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Re: [std-proposals] P2815 breaks all provenance-related optimizations

From: Anthony Williams <anthony_at_[hidden]>
Date: Wed, 22 Feb 2023 14:31:02 +0000

Thanks for forwarding the email to me Arthur.

On 22/02/2023 12:57, Arthur O'Dwyer wrote:
> On Tue, Feb 21, 2023 at 9:53 PM connor horman via Std-Proposals
> <std-proposals_at_[hidden]> wrote:
> I just learned of P2815, and I do not know of another place I can
> respond to it, so I'm going to answer here.
> The presentation's title slide (and unfortunately nowhere else — I
> missed it the first time too!) refers to P2188:
> https://www.open-std.org/jtc1/sc22/wg21/docs/papers/2020/p2188r1.html
> which, being a WG21 paper, contains contact info for the author. I've
> cc'ed him here.
> In my opinion, the proposal in question eliminates all provenance
> based alias analysis, used to eliminate memory accesses when
> unanalyzed code is present.
These were the slides of the presentation I did for EWG. They are in the
mailing as a record; as the title suggests, this is a presentation of
the paper that Arthur linked to. As for most presentations, there were a
lot of things I said that are not on the slides.

Also, as Thiago points out, this is my opinion, not an accepted proposal
or statement by the committee as a whole.

The fundamental point of the paper, and thus the presentation, is that
the standard is inconsistent. The paper and presentation present a
series of things that are true about trivially copyable types, by the
wording of the standard. The problem is that the standard then says that
(a) pointers are trivially copyable types, and (b) some of these
properties don't apply to them.

We need to fix it. Ideally in a way that (a) doesn't break too much
preexisting code that relies on these properties applying to pointers
(and there is a lot that has been written over the years, and is
currently in production, working just fine), and (b) doesn't rule out
too many optimization techniques and opportunities.

> Consider the following example code:
> int foo(int* p){
> int i;
> opaque_operation(&i,p);
> i = 0;
> *p = 1;
> return i;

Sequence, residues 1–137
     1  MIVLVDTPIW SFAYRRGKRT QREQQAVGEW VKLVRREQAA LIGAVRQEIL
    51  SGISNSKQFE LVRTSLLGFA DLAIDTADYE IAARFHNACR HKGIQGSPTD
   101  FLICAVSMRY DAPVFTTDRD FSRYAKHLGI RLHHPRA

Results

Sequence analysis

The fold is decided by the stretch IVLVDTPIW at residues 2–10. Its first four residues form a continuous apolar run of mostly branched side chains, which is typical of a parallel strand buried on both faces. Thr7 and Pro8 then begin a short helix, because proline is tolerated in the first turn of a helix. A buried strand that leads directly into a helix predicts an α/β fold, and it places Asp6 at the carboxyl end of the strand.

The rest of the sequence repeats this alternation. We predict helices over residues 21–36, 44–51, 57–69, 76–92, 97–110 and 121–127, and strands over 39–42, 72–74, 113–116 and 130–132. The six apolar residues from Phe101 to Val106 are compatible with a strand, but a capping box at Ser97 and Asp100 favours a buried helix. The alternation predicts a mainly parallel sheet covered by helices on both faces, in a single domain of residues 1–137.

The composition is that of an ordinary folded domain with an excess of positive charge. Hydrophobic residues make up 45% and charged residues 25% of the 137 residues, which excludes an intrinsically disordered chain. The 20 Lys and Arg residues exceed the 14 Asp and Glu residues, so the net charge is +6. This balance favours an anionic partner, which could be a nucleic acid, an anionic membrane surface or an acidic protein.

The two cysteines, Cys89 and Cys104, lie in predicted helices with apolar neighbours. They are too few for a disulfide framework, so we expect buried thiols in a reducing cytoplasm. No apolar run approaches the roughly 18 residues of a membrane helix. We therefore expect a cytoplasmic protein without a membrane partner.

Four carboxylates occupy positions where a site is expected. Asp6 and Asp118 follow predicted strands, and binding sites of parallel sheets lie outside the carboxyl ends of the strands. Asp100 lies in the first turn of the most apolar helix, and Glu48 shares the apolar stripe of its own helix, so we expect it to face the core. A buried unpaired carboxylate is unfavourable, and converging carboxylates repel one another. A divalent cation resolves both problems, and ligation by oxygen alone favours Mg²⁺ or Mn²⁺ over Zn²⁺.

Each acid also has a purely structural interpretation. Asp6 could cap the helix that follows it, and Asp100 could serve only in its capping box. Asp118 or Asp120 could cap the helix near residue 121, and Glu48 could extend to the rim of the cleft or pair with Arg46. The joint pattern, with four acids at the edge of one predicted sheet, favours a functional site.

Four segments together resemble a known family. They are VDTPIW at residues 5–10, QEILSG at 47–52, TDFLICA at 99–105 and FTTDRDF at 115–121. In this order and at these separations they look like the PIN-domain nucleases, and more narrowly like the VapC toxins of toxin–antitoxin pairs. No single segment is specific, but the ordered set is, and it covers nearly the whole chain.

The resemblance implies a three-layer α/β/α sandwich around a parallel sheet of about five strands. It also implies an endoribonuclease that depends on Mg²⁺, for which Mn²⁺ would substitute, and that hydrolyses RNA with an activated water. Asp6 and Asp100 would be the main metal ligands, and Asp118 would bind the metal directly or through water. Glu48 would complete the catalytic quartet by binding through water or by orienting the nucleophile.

> }
> (Where the optimizer is unable to analyze `opaque_operation`
> In current compilers, this can be optimized to [...
> int foo(int *p) {
> int i; opaque_operation(&i, p);
> *p = 1; return 0;
> }
> ...]. Under the proposal, however, `opaque_operation` could
> observe that `&i` and `p` have the same *value representation*,
> which means that they must be equal (it may do so with defined
> behaviour in all executions, for example, by terminating if they
> are bytewise unequal). Thus the write to `p` may modify the value
> of `i`. This would make the transformation [...] invalid under the
> proposal.
This isn't a proposal (yet), it's my interpretation of current words in
the standard. If you agree with my analysis, and the conclusion that
this rules out optimizations, *they have always been ruled out*, and any
compiler that did them would always have been non-conforming.

If you disagree with my interpretation, I would love to see specific
references to where my logic is wrong, and/or how you would fix the

Anyway, in this case, the optimization cannot be permitted if &i could
have the same bytes as the value passed as p. It would be easy for the
compiler to check that prior to calling opaque_operation, but that would
change the codegen.

> So I don't think you're correct to worry that P2188 / P2815 would
> completely destroy /*all*/ provenance-based optimizations. It needs to
> propose some wording before we can say anything concrete about it, of
> course. And it might end up destroying some optimizations. But it
> needn't destroy all of them. And at first glance it doesn't seem
> out-of-keeping with the direction of C++.
> (Likewise, the existence of `reinterpret_cast` doesn't destroy all
> type-based alias analysis. And `const_cast` famously destroys
> some-*/but-not-all/* const-based optimizations.)
Here I agree with Arthur. If people agree with my conclusions, then some
provenance-based optimizations are ruled out. Not all of them, but maybe
a lot. That's a price I'm willing to pay for the knowledge that the
language is self-consistent in what it means for something to be a
trivially copyable type.



Received on 2023-02-22 14:31:15